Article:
2) I also agree that the strict differentiation into dd/healer/tank is not necessary and should be replaced by other mechanisms. This, however, is non-trivial if you still want to have interesting combat. The alternatives might be worth a detailed post.

3) Combat systems should be plausible. For a mage a prepared collection of spells might make sense. For a warrior I have problems coming up with an explanation for why he suddenly unlearnt to apply ability X. A world vs. game argument, as usual ;)

4) Having different classes with different combat systems adds replay value to your game and is certainly worth the trouble of balancing. (Which is overrated, anyway).
 
What I like about 4ed D&D is that the tanks can tank without relying on the monsters being very stupid. How it works is that if the critter that the tank is tanking attacks anyone beside the tank something bad happens to the critter. So the critter can do what it wants, but it is penalized for not attacking the tank.
 
Diablo 2 is a good model for multiplayer fantasy PvE with no trinity, no healers, no tanks, and still a good variety of classes that feel very different to play.

I think Diablo 3 might shake up a few people's ideas about how games "must" be. Sure, it's not an MMO - but I think people will see a lot of things in it that could and should be tried in an MMO.
 
The problem of the dps/tank/healer trinity is (unfortunately?) a direct consequence of the way you have defined combat.

Inflicting damage = DPS
Ability to reduce incoming damage = Tank
Ability to reduce taken damage = Healer

The only way not to have this is to prevent some abilities from existing altogether, but in that case you risk that the optimal solution will always be "full dps burst" (= doing as much damage as fast as possible, ignore anything else).

Note that this would also apply to Mytheon, just like it emerges in team-based card games, where teams tend to focus on deck construction which resembles the trinity (damage/attack = dps, block/stall = tank, negation = 'heal', a bit like a disc priest). This because a single-themed deck are in general a lot more stable than mix'n'match.
 
One way of making tanking plausible might be for the tanking class (eg a warrior) to have very strong melee attacks, but for every hit taken in (say) the last 5 seconds to reduce the effectiveness of the warrior's melee attacks.

Thus it's fine to ignore the warrior if you like, but if you do he becomes and Unstoppable Tidal Wave of Death with very high dps (perhaps the highest of all classes). Mobs or other players might choose to attack the tank to keep his attacks weak.
 
With what David said, D&D4e is a great example of what the next level of MMOs should be aiming for. Each class has a primary role, and then chooses from two sub roles that allows them to play a little like another type of role.

Each class focuses on certain stats, which improves a defense type, so that a Mage might be best at "tanking" enemies that attack the mind, since he is the least likely to get hit by it, but he doesn't really get to choose who the creature is going to attack, unless he specifically gets in the way, and even then, that creature will probably have a physical alternative to attack with.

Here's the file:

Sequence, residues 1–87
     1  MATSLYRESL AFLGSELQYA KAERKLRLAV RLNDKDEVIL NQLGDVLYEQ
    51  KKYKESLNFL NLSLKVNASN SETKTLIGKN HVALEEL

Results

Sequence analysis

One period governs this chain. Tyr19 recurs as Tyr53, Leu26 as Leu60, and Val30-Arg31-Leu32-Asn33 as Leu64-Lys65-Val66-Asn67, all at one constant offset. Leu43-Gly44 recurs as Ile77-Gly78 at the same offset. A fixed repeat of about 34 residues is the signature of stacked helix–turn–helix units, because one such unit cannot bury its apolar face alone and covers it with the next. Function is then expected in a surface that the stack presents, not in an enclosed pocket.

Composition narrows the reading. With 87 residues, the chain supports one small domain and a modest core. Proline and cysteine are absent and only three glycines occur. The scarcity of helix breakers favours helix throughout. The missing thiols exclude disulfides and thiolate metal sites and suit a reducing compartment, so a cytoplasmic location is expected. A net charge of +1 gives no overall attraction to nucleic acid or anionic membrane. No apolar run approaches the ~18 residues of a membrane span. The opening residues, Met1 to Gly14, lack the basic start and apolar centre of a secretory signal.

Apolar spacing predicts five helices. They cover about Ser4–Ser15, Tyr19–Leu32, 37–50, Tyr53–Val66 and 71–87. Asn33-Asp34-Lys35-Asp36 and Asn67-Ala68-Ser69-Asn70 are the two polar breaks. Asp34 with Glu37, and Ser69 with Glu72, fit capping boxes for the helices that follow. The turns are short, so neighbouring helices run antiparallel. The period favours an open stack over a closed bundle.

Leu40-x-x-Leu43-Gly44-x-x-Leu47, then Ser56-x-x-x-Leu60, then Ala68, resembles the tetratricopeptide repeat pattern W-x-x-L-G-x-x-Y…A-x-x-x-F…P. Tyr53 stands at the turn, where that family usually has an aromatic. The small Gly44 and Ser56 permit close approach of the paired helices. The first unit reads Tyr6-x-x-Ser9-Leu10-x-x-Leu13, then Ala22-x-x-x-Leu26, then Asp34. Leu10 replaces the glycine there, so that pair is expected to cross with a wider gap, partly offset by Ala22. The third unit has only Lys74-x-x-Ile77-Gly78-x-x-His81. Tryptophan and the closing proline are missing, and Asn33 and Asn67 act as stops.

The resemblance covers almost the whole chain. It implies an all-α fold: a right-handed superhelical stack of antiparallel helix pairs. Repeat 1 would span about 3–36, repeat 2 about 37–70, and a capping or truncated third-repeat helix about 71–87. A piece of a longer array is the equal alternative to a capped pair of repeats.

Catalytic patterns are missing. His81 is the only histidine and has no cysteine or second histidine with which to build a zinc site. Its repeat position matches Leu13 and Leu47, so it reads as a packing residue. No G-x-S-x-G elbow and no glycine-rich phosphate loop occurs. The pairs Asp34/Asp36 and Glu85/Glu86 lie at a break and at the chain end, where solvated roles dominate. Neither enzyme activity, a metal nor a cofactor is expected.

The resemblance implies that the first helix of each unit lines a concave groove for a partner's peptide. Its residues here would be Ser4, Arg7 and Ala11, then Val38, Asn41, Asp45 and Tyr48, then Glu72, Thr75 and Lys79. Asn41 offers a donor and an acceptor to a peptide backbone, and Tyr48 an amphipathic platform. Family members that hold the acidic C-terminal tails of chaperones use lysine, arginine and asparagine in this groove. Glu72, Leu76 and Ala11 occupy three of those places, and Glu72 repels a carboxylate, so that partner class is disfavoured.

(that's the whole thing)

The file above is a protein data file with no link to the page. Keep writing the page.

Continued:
The concept of roles of course comes from choosing to specialize (sacrificing damage for survivability for example) which in turn leads to the thought of, "Hey, you can hardly be hit, and you don't take that much damage, and you have a ton of hit points, why don't YOU go in first, and we'll attack from back here."

At the same time, you would think that there would be some way to get an enemy angry at you to the point of ignoring other targets, especially as a way to save someone who is being beat up on.

As much as I don't enjoy the trinity, any game that is designed around NOT having a trinity, but allows enough customization to have a trinity, will result in people using it to make combat easier. At least that's my opinion on the matter.

@Everblue, there's a chance of creating a ping pong effect with mobs if this is the case, resulting in very ineffective mobs.
 
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I thought the question in yesterday's post wasn't so much about tanks and healers as it was about how you described combat as having a pretty strong random element. If you can never predict what anyone's next move is going to be, you just have a big and messy free-for-all, thus to have any kind of organisation in groups, everyone would have to try and specialise, thereby removing the very randomness that you mention as being fun. Or at least that's the impression I got.
 
It is interesting that in your list of 100k sub MMOs you left out EVE and Lineage 2. Both are well over the mark.

One thing I have noticed in L2, as you said with asian games, people do depend on health potions more but in that game not exclusively. It is generally a mob grinder so usually the game is to go out with what ever group you have and find and pull mobs at a sustainable rate for your healing/tanking/dps/buff makeup.